A Bolivian Passenger Train Between Santa Cruz and Quijarro
As I sit here in L.A. in the middle of a heat wave—and getting no younger in the process—a new vacation trip emerges from the depths of my mind. I have already written about the 17th and 18th century Jesuit missions in South America. The anti-clerical Voltaire in his Candide appeared to be impressed by the enlightened rule of the Jesuits who controlled Paraguay.
You can find out even more by reading the forgotten classic history by R. B. Cunninghame Graham entitled A Vanished Arcadia: Being Some Account of the Jesuits in Paraguay 1607 to 1767.
Back then, before the War of the Triple Alliance (1864-1870) and the Chaco War (1932-1935), Paraguay included territory which now belongs to Argentina (Misiones Province) and Bolivia (Santa Cruz Province). There are ruins of Jesuit communities in all three countries.
This set my mind to thinking. There is a famous train route called the Trans-Chiquitano—still in existence as of a year or two ago—between Santa Cruz, Bolivia and Quijarro, just before the border with Brazil. Midway between the two termini and somewhat to the north are the ruins of Jesuit missions. I was thinking of touring the missions in Bolivia, then busing from Corumbá, Brazil (just across the border from Quijarro, Bolivia) to Asunción, Paraguay. There I could hook up with a tour to the Jesuit missions east of Asunción (if such a tour exists). Thereafter, it is a short up across the border to Argentina, where there are well-organized tours of the Jesuit missions such as San Ignacio Mini. From there, it is an easy bus ride to Buenos Aires, from which I can return to the States.
It would be a wild trip, with a long, comfortable train ride and easy stays in Santa Cruz and Buenos Aires. Asunción is a different story, but still quite doable.
Opening Scene from Some Came Running
We are so conditioned to thinking of the years after the Second World War as some kind of golden age that it is refreshing to see how American films dealt with the era. Some prominent examples include William Wyler’s The Best Years of Our Lives (1946) and Vincente Minnelli’s film adaptation of James Jones’s Some Came Running (1958). In both pictures, the GIs come home to find that the guys with flat feet who stayed behind had all the jobs, money, and women.
From the opening credit sequence with its urban jazz music track as we see Frank Sinatra asleep on a Greyhound bus as the Indiana landscape rolls past, we feel we are in for something different. On the same bus is Shirley MacLaine as a good-time girl Frank had met in Chicago. Both had been drunk and were put on the bus by friends who specified Parkman, Indiana as the destination.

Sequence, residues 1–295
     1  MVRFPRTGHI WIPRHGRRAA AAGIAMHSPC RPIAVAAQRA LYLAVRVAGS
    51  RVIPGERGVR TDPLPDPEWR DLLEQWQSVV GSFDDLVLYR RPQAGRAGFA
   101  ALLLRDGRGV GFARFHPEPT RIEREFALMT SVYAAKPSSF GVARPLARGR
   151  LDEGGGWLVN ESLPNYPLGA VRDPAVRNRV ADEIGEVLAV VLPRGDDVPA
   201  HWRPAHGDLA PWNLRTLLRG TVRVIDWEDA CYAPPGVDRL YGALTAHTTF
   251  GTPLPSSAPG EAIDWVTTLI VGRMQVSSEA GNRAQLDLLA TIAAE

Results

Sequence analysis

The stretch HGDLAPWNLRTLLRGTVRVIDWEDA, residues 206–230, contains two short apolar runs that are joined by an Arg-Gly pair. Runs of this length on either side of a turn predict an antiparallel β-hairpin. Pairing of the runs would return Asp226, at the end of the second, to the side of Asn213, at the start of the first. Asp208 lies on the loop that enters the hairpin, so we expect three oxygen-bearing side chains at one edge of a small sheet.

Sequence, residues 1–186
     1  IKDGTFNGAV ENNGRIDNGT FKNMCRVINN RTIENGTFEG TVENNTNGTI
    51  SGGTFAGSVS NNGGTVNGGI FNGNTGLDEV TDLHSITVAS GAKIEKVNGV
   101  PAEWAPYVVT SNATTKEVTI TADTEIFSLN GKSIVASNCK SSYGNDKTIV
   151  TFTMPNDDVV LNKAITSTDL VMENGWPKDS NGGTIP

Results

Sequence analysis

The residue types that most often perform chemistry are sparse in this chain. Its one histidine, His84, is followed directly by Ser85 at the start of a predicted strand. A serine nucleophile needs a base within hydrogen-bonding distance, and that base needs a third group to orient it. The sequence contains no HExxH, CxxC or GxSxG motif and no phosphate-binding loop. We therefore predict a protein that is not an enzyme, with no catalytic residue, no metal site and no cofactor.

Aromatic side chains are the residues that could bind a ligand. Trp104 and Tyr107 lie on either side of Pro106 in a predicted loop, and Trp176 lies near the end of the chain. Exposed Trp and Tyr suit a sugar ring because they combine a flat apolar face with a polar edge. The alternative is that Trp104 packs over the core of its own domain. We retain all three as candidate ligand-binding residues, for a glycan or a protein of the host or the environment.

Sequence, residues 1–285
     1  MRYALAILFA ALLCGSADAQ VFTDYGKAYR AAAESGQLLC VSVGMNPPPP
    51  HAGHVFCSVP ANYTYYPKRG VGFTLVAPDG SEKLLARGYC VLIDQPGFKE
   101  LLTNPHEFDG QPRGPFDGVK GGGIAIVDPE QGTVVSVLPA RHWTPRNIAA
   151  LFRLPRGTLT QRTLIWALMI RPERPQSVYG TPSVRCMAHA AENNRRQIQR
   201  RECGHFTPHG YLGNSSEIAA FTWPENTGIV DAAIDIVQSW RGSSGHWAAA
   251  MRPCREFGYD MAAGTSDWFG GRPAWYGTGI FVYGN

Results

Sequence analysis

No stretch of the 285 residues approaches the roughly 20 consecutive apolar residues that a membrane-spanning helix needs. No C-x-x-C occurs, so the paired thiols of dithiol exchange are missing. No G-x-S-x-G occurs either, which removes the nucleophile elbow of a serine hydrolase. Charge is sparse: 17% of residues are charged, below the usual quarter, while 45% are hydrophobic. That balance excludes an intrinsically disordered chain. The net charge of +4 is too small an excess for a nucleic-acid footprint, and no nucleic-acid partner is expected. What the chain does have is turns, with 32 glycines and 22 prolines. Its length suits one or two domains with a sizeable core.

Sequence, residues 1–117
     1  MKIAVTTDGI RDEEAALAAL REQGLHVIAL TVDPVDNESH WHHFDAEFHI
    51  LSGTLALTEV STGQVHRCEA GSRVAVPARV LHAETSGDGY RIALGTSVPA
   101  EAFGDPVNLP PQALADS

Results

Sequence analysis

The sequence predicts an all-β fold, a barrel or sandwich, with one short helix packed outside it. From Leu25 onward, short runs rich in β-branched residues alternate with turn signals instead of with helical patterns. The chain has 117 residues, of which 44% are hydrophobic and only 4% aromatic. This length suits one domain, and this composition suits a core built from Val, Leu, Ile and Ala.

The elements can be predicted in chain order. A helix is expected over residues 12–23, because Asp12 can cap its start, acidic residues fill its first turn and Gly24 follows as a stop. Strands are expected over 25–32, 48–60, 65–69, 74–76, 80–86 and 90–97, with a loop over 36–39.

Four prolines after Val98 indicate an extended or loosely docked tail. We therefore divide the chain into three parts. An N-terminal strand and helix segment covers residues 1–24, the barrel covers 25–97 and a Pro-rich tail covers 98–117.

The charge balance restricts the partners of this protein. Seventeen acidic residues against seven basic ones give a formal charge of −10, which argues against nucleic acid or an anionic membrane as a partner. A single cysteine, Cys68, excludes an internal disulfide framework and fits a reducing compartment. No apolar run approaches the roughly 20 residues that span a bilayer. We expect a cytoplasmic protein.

We see Frank at the beginning in his army uniform, though he has also written two books and spent time on a tramp steamer and as an oil rig worker. In Parkman, he is pursued by Shirley while he falls in love with Martha Hyer, a college writing instructor who is impressed with his writing ability but appalled by his lifestyle. Every time he is repulsed by Martha, Frank draws closer to Shirley MacLaine with her ridiculous doggie purse and showy bad-taste clothing, with an intellect to match.
Frank at Smitty’s Bar with Dean Martin
After his first encounter with Martha Hyer, Sinatra runs into Dean Martin as a southern gambler who uses Parkman as a base as he travels around playing poker in the surrounding Indiana cities. The initial scene at Smitty’s with its loud jazz track is my favorite in the film: It shows the bar with its lowlifes right in the middle of the ultra-respectable small town. It even appears that the bar is next door to Sinatra’s brother’s jewelry shop. (The role of the brother, played by Arthur Kennedy, is his smarmiest and most hypocritical role in a long career of playing villains.)
There are a number of significant divergences between the James Jones novel and the Minnelli film. As I have not yet read James Jones, I cannot say which I prefer. But one thing I can say is that Minnelli’s film is even better than The Best Years of Our Lives at portraying the sick soul of America coterminous with its postwar glory, even though the two films are more than ten years apart.
The Rail Line Between Tecun Uman and Guatemala City
I have read Paul Theroux’s The Old Patagonian Express: By Train Through the Americas several times. It got me interested in visiting South and Central America in the first place; and I keep tryi9ng to relive the experience of reading it the first time. Back in the 1970s, there was still passenger rail service in Guatemala. Now there are only railroad museums with rusting locomotives. The following is the author’s take on recent Guatemalan history—which is still largely true.
I had a political reverie on that train [the one between Tecun Uman and Guatemala City]. It was this: the government held elections, encouraged people to vote, and appeared to be democratic. The army appeared to be impartial, the newspapers disinterested. And it remained a peasant society, basically underfed and unfree. It must perplex any peasant to be told he is living in a free country, when the facts of life contradict this. It might be that this does not perplex him; he has every reason to believe, in accordance with the evidence, that democracy is feudal, a bureaucracy run by crooks and trigger-happy vigilantes. When one sees a government of the Guatemalan sort professing such high-mindedness in its social aims and producing such mediocre results, one cannot be surprised if the peasant concludes that communism might be an improvement. It was a Latin American sickness: inferior government gave democracy an evil name and left people with no option but to seek an alternative.